“That was an incredibly important shift for anime because it took away some biases that people had,” says Zehner. “It’s not that exhibitors didn’t want to believe in anime, they just didn’t have enough data to do so.”
He recalls a time when “it was very hard to convince theater chains that anime fans would show up. I remember when we launched Dragon Ball Z: Battle of Gods, the projections from theater chains were not that high. Eventually, we did about $2.55 million and they were amazed.”
Now, that $2.55 million looks quaint when compared to what the Dragon Ball franchise can accomplish at U.S. cinemas.
DIPPING A TOE INTO THE MAINSTREAM
Convincing exhibitors to host anime was made all the more difficult due to cultural biases, argues Niina. “There was a time when anime was seen as otaku or nerd culture because it was something only certain types of people watched. However, when a variety of content became available, the bias started wearing off.”
Now, she says, “Theaters and exhibitors have seen the recent success of anime and started booking more anime films.”
Husky agrees, “Traditionally, anime was thought of as counter-programming. Because of various fluctuations in the market recently, it’s moved more into the mainstream.”
FOR THE FANS
Of course, behind any commercial push made by distributors and exhibitors, there must be a desire among audiences to watch the films. To that end, distributors and a few willing exhibitors have started programming can’t-miss event screenings, while also screening the films in more cinemas than ever before.
“The name of the game for anime is accessibility; we have to be as accessible to as many people as possible,” says Huskey. “I think that’s why you see a lot of event-style releases for anime, or why it’s still sometimes treated as alternative content by exhibitors. The idea is often that you play a reduced schedule, but that allows you to make a big impact over a short time. It’s a way of maximizing and concentrating that audience into hours and days that work well for exhibitors.”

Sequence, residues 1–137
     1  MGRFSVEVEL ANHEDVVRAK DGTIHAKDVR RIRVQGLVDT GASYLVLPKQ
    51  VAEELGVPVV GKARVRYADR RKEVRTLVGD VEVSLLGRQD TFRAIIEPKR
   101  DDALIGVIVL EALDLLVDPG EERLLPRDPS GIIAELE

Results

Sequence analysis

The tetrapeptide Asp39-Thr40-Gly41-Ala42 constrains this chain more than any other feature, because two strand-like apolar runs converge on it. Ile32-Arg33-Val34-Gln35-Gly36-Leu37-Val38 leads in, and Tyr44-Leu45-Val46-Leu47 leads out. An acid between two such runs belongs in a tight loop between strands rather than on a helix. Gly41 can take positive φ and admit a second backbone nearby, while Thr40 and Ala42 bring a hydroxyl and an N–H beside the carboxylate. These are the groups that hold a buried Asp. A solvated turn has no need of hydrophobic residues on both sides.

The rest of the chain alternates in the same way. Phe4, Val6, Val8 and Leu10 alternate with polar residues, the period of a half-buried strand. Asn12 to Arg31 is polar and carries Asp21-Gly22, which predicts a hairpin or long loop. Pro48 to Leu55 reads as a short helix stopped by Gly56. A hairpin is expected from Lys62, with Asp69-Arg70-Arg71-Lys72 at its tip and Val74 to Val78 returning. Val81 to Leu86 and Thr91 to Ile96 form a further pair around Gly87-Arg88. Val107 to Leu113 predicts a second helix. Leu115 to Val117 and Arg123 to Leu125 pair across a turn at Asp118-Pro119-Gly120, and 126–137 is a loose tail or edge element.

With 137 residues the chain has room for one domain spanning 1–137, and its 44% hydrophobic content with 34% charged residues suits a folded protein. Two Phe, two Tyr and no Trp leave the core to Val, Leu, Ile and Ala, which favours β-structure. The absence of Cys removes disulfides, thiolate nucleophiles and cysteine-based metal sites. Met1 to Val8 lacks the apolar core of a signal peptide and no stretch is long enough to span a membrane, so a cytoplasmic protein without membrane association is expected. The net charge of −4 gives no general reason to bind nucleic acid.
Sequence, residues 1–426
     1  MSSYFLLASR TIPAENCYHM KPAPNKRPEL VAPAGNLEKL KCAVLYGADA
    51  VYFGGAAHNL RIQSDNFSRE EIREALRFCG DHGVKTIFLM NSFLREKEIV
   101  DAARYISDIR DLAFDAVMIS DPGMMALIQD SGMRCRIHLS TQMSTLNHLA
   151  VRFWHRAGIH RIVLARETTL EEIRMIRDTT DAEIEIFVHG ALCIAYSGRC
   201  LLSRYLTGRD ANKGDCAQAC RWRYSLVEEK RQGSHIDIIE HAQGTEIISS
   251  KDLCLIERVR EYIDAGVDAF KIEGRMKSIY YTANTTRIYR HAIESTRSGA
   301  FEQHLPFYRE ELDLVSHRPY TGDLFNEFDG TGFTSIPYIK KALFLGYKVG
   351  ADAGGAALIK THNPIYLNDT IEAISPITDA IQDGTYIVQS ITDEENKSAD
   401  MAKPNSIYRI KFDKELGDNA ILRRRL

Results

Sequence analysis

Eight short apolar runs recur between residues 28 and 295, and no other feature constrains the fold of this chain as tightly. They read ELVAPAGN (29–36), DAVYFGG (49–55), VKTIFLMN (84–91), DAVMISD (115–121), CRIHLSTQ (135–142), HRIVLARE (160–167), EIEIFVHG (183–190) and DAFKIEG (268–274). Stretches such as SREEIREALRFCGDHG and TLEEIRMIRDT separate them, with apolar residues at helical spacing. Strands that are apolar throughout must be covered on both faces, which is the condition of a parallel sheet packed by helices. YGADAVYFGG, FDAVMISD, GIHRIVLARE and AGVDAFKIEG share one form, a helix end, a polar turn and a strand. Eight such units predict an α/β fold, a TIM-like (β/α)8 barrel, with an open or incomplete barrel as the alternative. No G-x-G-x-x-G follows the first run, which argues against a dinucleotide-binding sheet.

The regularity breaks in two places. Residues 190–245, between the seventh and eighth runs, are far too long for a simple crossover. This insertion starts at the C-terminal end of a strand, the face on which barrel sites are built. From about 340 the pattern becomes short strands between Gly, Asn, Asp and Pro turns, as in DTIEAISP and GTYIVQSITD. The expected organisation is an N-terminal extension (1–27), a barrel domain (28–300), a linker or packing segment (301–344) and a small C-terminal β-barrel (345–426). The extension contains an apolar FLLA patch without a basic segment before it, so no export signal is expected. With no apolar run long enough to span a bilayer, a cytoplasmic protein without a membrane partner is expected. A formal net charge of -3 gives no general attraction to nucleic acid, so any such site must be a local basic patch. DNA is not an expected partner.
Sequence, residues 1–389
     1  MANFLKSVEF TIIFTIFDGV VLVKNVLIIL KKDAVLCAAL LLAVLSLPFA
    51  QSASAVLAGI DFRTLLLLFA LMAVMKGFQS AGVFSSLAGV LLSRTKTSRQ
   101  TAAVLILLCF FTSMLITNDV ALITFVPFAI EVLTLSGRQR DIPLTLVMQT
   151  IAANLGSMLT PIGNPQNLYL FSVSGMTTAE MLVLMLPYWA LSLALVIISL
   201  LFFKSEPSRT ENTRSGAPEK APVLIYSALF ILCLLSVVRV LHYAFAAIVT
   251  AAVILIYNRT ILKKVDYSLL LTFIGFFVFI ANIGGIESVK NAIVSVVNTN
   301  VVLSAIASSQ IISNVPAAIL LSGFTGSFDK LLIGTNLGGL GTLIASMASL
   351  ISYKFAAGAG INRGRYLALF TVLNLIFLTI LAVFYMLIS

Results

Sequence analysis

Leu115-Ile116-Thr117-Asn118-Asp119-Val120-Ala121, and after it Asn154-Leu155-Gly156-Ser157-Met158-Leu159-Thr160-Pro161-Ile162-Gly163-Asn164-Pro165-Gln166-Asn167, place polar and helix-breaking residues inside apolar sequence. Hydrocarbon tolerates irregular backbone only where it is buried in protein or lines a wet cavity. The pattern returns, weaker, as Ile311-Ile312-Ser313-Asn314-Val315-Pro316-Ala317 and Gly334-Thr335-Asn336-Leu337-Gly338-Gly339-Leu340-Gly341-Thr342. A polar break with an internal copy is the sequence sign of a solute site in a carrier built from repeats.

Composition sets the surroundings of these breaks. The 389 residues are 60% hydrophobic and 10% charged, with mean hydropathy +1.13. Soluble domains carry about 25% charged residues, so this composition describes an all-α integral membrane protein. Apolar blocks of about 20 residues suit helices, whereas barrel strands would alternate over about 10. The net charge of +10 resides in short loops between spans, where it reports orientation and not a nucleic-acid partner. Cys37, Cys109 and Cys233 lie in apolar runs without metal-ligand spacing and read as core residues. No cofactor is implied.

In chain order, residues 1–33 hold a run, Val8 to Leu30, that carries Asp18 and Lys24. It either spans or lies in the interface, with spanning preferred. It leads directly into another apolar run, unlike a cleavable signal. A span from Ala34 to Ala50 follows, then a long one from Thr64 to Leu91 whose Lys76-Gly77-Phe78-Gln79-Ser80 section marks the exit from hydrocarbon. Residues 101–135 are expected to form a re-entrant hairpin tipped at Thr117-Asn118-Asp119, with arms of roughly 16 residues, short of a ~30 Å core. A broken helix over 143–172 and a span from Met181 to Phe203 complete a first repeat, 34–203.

“There is a new term that’s come up for this style of screening called a ‘cheer screening,’” he says. “We first experienced it with Promare back in 2019. Fans of Studio Trigger and the film’s director Hiroyuki Imaishi were bringing lights and noisemakers and shouting at the screen. And that’s the kind of magic we hope to capture with certain films that have a festive atmosphere.”
According to Zehner, there is a historical reason for anime films to embrace the event screening model. In decades past, anime films rarely played in theaters for more than one or two weeks, conditioning fans with an impulse to see the films as soon as they become available. Echoes of that conditioning persist today, and Zehner says that’s one reason so many anime films generate the bulk of their box office hauls in the first week or two of release.
“Historically, you often only had one or two days to come see the films,” he recalls. “I think that sense of urgency is great, but it’s a model that lends itself to a very frontloaded release schedule.”
While recent trends suggest that big IP anime features should be aiming higher than ever at the U.S. box office, distributors agree that the success of franchise films should help the prospects of indie and auteur anime features as well.
“Major existing IPs can easily make top box office numbers, and that can definitely be a key to the theatrical success of other anime films,” says Niina. “Major IPs are often the first anime that new fans will watch. However, that doesn’t mean indie or auteur anime can’t be successful.”
Huskey agrees but says it’s still early days. “We’ve only just begun putting out a lot of [indie] content this year, so it’s still a bit tricky to navigate. But I take heart in the idea that the audience is getting curious about discovering these films.”
Niina acknowledges the need to develop a custom marketing plan for indie titles: “Indie anime films require a slightly different take and creativity from the distributors in order to be promoted successfully. Different steps must be taken. As a distributor, a key to success is finding the right promotional angle and executing those ideas. If those match well, anime films beyond just the major IPs stand a chance at succeeding at the U.S. box office.”